American Hellenic Institute founder Eugene Rossides, 92, dies

American Hellenic Institute founder Eugene Rossides, 92, dies

The founder of the American Hellenic Institute (AHI) and one of the most active proponents of Greek, Cypriot and Greek-American interests in Washington, DC, Eugene (Gene) Rossides has died, the AHI said in an announcement on Monday. He was 92.

“A proud American who never lost sight of his ancestry, Gene Rossides championed and inspired a generation and more to advocate for the rule of law, for Hellenism and justice for Cyprus. He provided a lifetime of service and dedication to America, Greece, Cyprus and Hellenic ideals,” the AHI said.
Rossides founded the AHI in the wake of the Turkish invasion of Cyprus in 1974  and was the driving force behind the 1975-1978 US arms embargo against Turkey. He was also the first Greek American to be confirmed by the US Senate to an Executive Branch office and served as assistant secretary for the US Treasury in the Nixon administration.

“It is with a heavy heart that I reflect upon Gene Rossides and what he meant to the community, AHI, and me, personally,” AHI President and CEO Nick Larigakis said in an announcement. “I am forever indebted and grateful to Mr. Rossides for his leadership, guidance, and mentorship over the decades. I am most appreciative of his entrusting me with the opportunity to lead the AHI, of which its mission he valued so deeply. I have always tried to lead this organization in a way that always honors his name and the passion with which he championed the causes for which he cared deeply.”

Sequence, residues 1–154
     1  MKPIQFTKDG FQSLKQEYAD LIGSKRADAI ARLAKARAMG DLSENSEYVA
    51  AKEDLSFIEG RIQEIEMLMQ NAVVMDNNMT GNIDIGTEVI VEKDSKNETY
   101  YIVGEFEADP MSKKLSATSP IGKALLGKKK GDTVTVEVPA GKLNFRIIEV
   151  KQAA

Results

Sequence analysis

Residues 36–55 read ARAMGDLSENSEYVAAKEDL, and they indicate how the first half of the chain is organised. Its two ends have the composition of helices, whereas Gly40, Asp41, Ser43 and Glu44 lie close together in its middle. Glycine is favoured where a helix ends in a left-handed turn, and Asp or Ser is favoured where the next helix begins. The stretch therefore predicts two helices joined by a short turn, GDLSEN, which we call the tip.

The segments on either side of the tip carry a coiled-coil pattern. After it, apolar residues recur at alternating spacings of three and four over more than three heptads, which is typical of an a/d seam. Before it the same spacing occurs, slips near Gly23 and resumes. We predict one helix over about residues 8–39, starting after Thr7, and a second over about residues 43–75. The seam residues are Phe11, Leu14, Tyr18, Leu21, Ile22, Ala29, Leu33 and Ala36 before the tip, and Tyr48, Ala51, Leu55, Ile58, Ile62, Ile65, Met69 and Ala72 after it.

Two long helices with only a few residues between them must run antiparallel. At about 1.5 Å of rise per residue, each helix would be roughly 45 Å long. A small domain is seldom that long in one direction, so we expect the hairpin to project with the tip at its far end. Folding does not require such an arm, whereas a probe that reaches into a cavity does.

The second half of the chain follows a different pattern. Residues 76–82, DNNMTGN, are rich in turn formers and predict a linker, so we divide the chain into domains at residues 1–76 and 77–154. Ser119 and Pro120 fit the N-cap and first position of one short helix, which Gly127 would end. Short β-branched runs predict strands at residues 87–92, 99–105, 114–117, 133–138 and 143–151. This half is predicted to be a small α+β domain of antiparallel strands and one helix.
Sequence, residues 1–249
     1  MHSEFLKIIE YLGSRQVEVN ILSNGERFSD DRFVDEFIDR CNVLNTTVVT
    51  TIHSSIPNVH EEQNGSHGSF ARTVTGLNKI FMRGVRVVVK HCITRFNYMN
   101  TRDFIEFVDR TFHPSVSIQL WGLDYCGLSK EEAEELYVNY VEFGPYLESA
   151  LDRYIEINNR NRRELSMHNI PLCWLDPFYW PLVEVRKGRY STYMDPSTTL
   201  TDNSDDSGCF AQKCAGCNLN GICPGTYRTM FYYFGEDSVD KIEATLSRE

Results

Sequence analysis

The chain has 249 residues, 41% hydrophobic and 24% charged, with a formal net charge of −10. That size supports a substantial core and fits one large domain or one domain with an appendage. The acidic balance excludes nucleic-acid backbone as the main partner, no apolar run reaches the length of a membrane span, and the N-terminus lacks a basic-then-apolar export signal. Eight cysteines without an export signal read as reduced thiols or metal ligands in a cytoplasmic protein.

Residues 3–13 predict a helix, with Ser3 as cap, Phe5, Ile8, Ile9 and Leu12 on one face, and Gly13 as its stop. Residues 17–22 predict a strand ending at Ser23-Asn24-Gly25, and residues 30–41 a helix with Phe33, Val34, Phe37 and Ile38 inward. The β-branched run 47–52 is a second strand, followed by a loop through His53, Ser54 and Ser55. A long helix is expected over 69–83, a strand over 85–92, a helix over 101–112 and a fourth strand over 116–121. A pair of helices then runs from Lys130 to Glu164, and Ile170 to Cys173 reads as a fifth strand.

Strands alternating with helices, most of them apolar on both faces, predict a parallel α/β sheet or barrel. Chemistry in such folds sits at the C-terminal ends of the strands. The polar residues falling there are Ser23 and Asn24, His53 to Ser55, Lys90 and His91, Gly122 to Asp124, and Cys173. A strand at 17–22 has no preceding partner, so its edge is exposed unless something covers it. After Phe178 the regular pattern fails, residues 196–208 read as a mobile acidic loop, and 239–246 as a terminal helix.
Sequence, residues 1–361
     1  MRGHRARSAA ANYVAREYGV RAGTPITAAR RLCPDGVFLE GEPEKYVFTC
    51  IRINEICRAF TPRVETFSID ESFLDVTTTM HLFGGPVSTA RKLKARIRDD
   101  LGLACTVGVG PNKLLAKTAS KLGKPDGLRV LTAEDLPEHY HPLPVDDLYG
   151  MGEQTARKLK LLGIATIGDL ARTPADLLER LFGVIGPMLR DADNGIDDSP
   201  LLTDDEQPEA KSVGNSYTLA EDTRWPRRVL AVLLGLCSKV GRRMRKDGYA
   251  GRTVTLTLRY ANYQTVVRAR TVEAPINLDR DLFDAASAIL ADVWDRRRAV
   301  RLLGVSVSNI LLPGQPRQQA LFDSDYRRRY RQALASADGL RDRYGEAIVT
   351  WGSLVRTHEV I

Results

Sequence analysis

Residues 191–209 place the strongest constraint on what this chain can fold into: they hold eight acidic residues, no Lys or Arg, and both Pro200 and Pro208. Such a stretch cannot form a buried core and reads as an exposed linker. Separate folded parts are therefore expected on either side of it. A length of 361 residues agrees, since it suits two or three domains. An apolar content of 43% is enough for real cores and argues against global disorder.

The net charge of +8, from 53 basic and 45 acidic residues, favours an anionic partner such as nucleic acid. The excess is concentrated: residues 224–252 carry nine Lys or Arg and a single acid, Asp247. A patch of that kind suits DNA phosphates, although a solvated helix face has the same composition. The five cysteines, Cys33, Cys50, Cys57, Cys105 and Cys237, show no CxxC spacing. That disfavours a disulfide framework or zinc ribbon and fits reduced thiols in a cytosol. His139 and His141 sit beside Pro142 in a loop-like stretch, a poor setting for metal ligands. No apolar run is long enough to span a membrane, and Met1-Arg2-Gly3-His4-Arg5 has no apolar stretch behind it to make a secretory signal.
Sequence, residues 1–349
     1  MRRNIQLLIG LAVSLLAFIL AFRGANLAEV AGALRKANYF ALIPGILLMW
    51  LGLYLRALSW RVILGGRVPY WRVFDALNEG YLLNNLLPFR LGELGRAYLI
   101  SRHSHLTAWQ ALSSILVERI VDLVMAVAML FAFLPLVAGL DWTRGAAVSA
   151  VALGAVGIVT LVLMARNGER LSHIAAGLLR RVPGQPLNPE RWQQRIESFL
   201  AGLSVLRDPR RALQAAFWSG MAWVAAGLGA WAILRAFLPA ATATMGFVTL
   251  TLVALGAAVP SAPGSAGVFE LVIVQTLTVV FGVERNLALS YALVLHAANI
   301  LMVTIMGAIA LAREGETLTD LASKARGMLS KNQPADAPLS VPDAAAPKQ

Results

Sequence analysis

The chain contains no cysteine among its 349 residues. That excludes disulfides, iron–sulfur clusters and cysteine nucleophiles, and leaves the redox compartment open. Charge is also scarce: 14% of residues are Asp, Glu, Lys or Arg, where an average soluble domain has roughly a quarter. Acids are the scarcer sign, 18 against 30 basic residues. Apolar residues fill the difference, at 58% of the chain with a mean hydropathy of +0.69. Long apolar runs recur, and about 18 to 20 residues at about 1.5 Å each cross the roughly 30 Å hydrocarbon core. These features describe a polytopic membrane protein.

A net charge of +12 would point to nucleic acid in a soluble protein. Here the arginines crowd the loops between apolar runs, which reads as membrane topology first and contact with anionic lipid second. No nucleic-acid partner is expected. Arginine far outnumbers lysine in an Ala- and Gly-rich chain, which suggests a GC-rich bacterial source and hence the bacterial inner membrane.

Rossides “has been an inspiration to all of us in doing the right thing, a champion of the rule of law, and respected broadly on both sides of the Atlantic for his values and integrity,” said AHI Foundation President Constantine A. Galanis.

Rossides was born in the New York borough of Brooklyn in 1927 and went on to study law at Columbia University before joining the law firm of Rogers & Wells.

He served as publisher of diaspora newspaper the National Herald from 1976-1979 and in the 1980s worked on the election campaigns of Ronald Reagan and George Bush, as well as publishing several books on the Cyprus issue, on Greece’s role in US foreign policy and other related topics.

He also received numerous awards for this contribution to the furtherment of Greek and Cypriot interests, including the Commander of the Order of the Phoenix by Greek President Kostis Stephanopoulos, the Republic of Cyprus’ Presidential Exceptional Service Medal and an investiture in The Order of Saint Andrew the Apostle – Archons of the Ecumenical Patriarchate in America.

Prime Minister Kyriakos Mitsotakis said in a statement  that Rossides' legacy "remains a shining example for future generations, as it is based on strong foundations and is inspired by universal principles: patriotism and respect for law and democracy."

The Greek Foreign Ministry said that Rossides offered “valuable services to Hellenism, for which he was honored with important international distinctions.”

“His contribution to the struggle of the Cypriot people for freedom was also important, as well as to the defense of Cyprus' rights in the efforts for a viable solution to the Cyprus problem, after the Turkish invasion in 1974,” the ministry added.

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